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Pied Monarch

Arses kaupi

The Pied Monarch, Arses kaupi, presents a striking figure with its contrasting plumage. This small bird, measuring 15-16 centimeters in length and weighing between 12.5-15 grams, is a member of the Monarchidae family, known for their flycatching prowess.

Identification Tips

Males are adorned with a black head, upperparts, and tail, while their wings are a brownish-black with distinctive white scapulars that form a crescent shape when folded. A white collar, which can be erected, encircles the neck and merges with the white throat. A prominent black breast-band separates the white throat from the white belly and underside. Females are less boldly marked, with a less distinct white throat and collar, and an incomplete collar around the neck. Both sexes have a black eye surrounded by a blue eye-ring, which is more pronounced in males, a blue-grey bill, and black legs. Juveniles resemble females but have duller plumage, lack the blue eye-ring, and possess a horn-colored bill.


The Pied Monarch inhabits the tropical forest edges and secondary growth of coastal northeastern Queensland, Australia. It thrives from sea level to elevations of 900 meters, favoring palm-vine scrub, gallery forests, and riverine environments.


Endemic to coastal Queensland, this species is found from Cooktown to Ingham. It is mostly sedentary, although some individuals may disperse to Eucalyptus woodlands in the Atherton Tableland during winter.


Insectivorous by nature, the Pied Monarch feeds on beetles and moths, among other insects. It is typically observed alone or in pairs, occasionally forming small family groups or joining mixed-species foraging flocks. It forages at mid-level heights within forests, seldom venturing close to the ground. Its foraging technique involves climbing up tree trunks and probing bark and lichens, akin to treecreepers, as well as capturing prey mid-air.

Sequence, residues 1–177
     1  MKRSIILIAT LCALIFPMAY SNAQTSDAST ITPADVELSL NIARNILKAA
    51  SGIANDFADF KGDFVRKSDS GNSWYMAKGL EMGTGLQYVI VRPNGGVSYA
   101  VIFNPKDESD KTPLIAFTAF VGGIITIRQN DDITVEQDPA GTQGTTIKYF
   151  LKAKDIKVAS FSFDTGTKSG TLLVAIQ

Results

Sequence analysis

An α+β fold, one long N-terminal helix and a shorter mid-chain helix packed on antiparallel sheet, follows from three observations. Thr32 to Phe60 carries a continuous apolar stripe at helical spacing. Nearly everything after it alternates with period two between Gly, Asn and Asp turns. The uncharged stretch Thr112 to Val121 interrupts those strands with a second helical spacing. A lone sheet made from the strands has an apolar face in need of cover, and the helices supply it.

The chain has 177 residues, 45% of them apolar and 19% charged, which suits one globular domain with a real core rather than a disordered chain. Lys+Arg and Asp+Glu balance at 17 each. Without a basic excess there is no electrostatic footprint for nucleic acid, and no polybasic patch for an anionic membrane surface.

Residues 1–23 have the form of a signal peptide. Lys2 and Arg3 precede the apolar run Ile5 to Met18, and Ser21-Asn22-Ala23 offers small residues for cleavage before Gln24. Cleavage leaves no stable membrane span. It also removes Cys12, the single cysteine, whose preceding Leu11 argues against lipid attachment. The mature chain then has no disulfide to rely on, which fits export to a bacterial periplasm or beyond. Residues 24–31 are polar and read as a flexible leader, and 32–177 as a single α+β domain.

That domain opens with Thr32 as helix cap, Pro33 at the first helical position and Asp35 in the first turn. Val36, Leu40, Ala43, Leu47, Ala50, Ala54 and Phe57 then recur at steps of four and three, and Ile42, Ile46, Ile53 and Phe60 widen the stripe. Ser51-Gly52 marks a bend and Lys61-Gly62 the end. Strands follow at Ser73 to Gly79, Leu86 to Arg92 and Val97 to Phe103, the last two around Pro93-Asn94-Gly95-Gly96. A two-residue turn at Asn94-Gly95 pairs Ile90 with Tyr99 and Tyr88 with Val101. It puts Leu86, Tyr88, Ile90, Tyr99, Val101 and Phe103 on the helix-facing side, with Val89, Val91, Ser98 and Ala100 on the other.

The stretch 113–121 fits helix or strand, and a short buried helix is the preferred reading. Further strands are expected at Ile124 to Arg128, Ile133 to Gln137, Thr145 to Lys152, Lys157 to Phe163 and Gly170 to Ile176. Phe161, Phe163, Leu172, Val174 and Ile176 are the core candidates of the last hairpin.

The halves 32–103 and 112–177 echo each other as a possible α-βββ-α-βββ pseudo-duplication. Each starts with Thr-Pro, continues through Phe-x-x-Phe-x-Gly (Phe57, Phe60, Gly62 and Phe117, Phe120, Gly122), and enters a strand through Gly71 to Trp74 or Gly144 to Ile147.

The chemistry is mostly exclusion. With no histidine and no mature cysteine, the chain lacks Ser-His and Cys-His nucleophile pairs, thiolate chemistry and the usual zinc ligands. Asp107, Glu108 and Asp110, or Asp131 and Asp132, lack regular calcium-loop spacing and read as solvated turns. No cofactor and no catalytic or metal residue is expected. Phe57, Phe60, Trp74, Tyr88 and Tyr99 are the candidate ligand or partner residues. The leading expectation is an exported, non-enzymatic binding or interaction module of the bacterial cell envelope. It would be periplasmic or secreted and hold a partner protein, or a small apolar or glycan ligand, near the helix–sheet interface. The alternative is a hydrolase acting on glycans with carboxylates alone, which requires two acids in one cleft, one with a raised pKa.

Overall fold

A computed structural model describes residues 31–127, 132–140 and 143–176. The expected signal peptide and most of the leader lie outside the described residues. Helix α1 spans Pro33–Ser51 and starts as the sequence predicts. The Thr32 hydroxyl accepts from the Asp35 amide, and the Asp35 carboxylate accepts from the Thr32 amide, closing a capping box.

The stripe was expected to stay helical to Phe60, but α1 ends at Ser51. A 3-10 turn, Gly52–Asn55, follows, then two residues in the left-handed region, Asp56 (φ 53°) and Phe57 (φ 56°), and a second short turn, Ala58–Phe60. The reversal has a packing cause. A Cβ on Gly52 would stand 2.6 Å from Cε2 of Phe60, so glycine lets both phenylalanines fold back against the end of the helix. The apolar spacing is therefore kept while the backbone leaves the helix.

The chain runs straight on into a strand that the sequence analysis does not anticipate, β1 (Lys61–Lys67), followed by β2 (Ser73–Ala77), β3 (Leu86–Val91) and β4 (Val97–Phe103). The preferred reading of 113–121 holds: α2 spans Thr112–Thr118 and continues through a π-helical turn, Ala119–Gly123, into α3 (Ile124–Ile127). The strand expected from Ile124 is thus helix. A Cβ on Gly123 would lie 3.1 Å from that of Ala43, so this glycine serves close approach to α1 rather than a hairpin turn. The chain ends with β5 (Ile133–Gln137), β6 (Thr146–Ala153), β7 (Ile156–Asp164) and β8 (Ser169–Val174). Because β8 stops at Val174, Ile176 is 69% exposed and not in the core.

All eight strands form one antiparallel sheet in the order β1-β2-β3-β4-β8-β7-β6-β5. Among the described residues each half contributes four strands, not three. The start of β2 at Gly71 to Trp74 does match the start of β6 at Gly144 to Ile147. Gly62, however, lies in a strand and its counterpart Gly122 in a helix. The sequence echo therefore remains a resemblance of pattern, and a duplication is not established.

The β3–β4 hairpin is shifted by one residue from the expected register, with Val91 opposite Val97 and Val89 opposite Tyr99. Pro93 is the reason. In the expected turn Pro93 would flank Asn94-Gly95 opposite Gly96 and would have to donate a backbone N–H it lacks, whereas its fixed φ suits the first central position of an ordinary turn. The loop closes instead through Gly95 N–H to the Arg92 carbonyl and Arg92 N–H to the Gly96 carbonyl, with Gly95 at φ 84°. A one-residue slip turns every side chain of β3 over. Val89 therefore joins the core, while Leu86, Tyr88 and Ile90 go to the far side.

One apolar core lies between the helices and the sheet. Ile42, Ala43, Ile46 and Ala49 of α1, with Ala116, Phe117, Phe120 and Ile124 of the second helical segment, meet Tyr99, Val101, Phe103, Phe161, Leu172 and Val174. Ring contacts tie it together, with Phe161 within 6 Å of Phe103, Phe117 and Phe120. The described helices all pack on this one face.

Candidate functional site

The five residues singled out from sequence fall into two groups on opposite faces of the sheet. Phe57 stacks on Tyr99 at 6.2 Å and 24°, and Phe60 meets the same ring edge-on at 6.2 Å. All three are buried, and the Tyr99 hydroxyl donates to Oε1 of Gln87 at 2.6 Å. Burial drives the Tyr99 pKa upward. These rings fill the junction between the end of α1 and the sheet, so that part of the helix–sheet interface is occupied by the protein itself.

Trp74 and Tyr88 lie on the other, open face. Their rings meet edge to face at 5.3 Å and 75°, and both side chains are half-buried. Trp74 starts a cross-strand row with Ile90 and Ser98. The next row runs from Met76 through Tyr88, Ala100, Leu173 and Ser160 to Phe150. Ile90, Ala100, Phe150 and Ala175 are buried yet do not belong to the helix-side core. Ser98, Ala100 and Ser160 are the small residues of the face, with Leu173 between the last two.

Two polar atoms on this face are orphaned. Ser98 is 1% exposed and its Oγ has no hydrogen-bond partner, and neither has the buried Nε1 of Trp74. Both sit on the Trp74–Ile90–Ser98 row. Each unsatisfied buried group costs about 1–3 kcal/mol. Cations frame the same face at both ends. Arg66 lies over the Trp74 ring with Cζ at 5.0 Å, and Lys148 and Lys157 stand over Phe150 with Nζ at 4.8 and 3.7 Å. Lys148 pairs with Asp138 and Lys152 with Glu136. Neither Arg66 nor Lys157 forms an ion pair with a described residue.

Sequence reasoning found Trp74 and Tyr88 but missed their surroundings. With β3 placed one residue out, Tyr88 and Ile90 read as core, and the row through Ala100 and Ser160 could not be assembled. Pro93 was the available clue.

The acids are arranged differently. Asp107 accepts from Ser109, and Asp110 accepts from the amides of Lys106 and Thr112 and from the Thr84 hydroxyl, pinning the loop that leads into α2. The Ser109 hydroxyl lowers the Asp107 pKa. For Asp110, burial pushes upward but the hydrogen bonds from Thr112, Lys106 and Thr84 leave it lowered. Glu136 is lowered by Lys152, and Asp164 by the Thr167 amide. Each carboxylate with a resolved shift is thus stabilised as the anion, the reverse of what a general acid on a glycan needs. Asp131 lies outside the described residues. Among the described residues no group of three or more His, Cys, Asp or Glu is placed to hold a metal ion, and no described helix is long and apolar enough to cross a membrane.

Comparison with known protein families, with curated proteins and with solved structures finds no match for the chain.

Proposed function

The breeding season spans from October to January, with the species raising a single brood. The nest is a shallow cup constructed from vines and sticks, bound with spider webs and plant material, and adorned with lichen. Positioned on a hanging vine loop, the nest is placed away from the trunk or foliage, 2-10 meters above ground. The female lays two pink-tinged, oval, white eggs speckled with lavender and reddish-brown, each measuring 19 mm by 14 mm.

Similar Species

The Pied Monarch may be confused with other members of the Monarchidae family, but its distinctive plumage and blue eye-ring set it apart.

Diet and Feeding

The diet consists primarily of insects such as beetles and lepidopterans. The Pied Monarch employs both arboreal and aerial foraging strategies to capture its prey.

Conservation status

The IUCN lists the Pied Monarch as Least Concern. Although its global range is small and it is considered uncommon, much of its habitat is protected within national parks or World Heritage Sites, and its population is currently stable.

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Pied Monarches on Birda

A map showing the sighting location
Erin Brown
02 Feb 2024 - 9:20pm

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